It's pretty much right wing dogma to pretend that racial inequality doesn't really exist or is the fault of minorities. Rand Paul must have given up his presidential aspirations.
Liberté. Égalité. Fraternité.
It's also undoubtedly true that the most significant privilege is being born into wealth or privilege, and it so happens that in part because of centuries of explicit and implicit state sanctioned white male privilege that almost all people born into wealth and privilege are still white and so have large advantages over other whites, and other races.
I could keep going, cite all the studies, the hiring studies, attitudes of jurors, arrest rates, search rates, etc. but they all point in the same direction - white privilege is real. And it does NOT mean that being born white is the ticket to success. That requires hard work for everyone but the trust fund babies. What it does mean is success is somewhat/slightly/hugely (depending on the region/profession, etc) more difficult for non-whites and women. That is, there is a real advantage to being white, especially a white Christian male.
Last edited by JasperL; 06-11-15 at 01:39 PM.
"...2. I can avoid spending time with people whom I was trained to mistrust and who have learned to mistrust my kind or me.
3. If I should need to move, I can be pretty sure of renting or purchasing housing in an area which I can afford and in which I would want to live.
4. I can be pretty sure that my neighbors in such a location will be neutral or pleasant to me.
7. When I am told about our national heritage or about "civilization," I am shown that people of my color made it what it is.
13. Whether I use checks, credit cards or cash, I can count on my skin color not to work against the appearance of financial reliability.
14. I can arrange to protect my children most of the time from people who might not like them.
15. I do not have to educate my children to be aware of systemic racism for their own daily physical protection.
16. I can be pretty sure that my children's teachers and employers will tolerate them if they fit school and workplace norms; my chief worries about them do not concern others' attitudes toward their race.
18. I can swear, or dress in second hand clothes, or not answer letters, without having people attribute these choices to the bad morals, the poverty or the illiteracy of my race.
20. I can do well in a challenging situation without being called a credit to my race.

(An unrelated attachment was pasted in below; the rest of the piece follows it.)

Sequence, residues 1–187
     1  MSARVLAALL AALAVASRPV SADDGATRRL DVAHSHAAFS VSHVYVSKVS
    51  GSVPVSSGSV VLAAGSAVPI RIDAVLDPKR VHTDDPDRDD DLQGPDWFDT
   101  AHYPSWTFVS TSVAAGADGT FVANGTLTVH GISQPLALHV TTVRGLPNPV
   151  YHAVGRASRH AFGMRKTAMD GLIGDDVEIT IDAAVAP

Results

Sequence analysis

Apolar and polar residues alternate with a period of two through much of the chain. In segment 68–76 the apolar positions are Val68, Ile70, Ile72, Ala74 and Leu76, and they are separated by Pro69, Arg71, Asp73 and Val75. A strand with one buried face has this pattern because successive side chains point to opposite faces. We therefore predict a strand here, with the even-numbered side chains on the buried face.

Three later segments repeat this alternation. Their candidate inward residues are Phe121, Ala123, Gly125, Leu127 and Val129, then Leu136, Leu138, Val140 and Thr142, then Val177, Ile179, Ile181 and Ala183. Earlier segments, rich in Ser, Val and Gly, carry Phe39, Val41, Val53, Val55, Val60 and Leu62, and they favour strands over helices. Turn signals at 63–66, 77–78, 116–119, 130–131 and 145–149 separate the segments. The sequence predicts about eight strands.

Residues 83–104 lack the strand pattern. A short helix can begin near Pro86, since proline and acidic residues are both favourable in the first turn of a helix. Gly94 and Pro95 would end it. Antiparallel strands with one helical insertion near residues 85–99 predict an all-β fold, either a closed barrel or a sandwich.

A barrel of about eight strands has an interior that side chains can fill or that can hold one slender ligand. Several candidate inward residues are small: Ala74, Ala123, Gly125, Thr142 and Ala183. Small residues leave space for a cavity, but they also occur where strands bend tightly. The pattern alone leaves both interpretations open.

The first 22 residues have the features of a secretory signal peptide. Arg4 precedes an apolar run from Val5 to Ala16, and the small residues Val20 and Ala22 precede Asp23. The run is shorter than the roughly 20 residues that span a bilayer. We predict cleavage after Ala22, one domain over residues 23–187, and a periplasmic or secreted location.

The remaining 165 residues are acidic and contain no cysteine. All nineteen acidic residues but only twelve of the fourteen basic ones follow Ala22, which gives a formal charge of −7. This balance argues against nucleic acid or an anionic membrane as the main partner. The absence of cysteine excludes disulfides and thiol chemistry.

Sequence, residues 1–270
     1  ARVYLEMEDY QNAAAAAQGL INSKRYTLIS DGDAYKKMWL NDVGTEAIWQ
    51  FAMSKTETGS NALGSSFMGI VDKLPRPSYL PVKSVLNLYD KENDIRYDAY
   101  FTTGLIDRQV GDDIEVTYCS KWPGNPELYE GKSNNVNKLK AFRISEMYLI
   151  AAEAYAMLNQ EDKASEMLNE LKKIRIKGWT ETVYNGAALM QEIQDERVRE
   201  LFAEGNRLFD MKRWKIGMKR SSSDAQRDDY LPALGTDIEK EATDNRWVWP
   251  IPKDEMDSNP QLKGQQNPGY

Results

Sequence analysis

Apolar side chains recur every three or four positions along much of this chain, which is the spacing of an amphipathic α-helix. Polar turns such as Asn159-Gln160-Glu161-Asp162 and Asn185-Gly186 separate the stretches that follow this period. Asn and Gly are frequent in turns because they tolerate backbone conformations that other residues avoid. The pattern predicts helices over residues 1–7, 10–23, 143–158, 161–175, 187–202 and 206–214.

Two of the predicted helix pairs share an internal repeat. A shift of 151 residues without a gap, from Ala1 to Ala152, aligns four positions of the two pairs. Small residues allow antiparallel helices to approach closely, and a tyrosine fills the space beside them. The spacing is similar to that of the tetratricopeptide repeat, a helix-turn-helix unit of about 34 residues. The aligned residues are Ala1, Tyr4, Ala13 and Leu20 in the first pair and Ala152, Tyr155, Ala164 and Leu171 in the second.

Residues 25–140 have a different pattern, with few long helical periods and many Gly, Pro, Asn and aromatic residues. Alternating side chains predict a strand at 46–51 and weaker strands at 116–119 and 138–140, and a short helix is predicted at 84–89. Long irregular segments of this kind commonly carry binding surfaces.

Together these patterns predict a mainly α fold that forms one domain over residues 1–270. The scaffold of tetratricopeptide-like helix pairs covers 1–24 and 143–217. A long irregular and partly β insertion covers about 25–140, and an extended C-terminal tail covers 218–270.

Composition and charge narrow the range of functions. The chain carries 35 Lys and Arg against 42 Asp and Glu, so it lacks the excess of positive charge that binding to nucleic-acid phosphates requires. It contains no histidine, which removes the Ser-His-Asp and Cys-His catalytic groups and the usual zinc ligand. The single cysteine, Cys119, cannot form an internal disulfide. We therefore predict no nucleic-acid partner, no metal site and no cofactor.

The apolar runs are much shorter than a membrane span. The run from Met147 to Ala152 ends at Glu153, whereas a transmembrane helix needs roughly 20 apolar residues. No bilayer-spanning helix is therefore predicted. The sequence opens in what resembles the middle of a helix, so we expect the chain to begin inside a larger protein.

21. I am never asked to speak for all the people of my racial group.
22. I can remain oblivious of the language and customs of persons of color who constitute the world's majority without feeling in my culture any penalty for such oblivion.
23. I can criticize our government and talk about how much I fear its policies and behavior without being seen as a cultural outsider.
24. I can be pretty sure that if I ask to talk to the "person in charge", I will be facing a person of my race.
25. If a traffic cop pulls me over or if the IRS audits my tax return, I can be sure I haven't been singled out because of my race.
28. I can be pretty sure that an argument with a colleague of another race is more likely to jeopardize her/his chances for advancement than to jeopardize mine.
29. I can be pretty sure that if I argue for the promotion of a person of another race, or a program centering on race, this is not likely to cost me heavily within my present setting, even if my colleagues disagree with me.
30. If I declare there is a racial issue at hand, or there isn't a racial issue at hand, my race will lend me more credibility for either position than a person of color will have.
32. My culture gives me little fear about ignoring the perspectives and powers of people of other races.
35. I can take a job with an affirmative action employer without having my co-workers on the job suspect that I got it because of my race.
36. If my day, week or year is going badly, I need not ask of each negative episode or situation whether it had racial overtones.
37. I can be pretty sure of finding people who would be willing to talk with me and advise me about my next steps, professionally.
38. I can think over many options, social, political, imaginative or professional, without asking whether a person of my race would be accepted or allowed to do what I want to do.
39. I can be late to a meeting without having the lateness reflect on my race.
40. I can choose public accommodation without fearing that people of my race cannot get in or will be mistreated in the places I have chosen.
41. I can be sure that if I need legal or medical help, my race will not work against me.
43. If I have low credibility as a leader I can be sure that my race is not the problem.
46. I can chose blemish cover or bandages in "flesh" color and have them more or less match my skin.
48. I have no difficulty finding neighborhoods where people approve of our household.
50. I will feel welcomed and "normal" in the usual walks of public life, institutional and social."
White Privilege: Unpacking the Invisible Knapsack by Peggy McIntosh
Also good: http://www.buzzfeed.com/michaelblack...u9#.nhXbNw951a
On Racism and White Privilege | Teaching Tolerance
Quo usque tandem abutere, Trump, patientia nostra?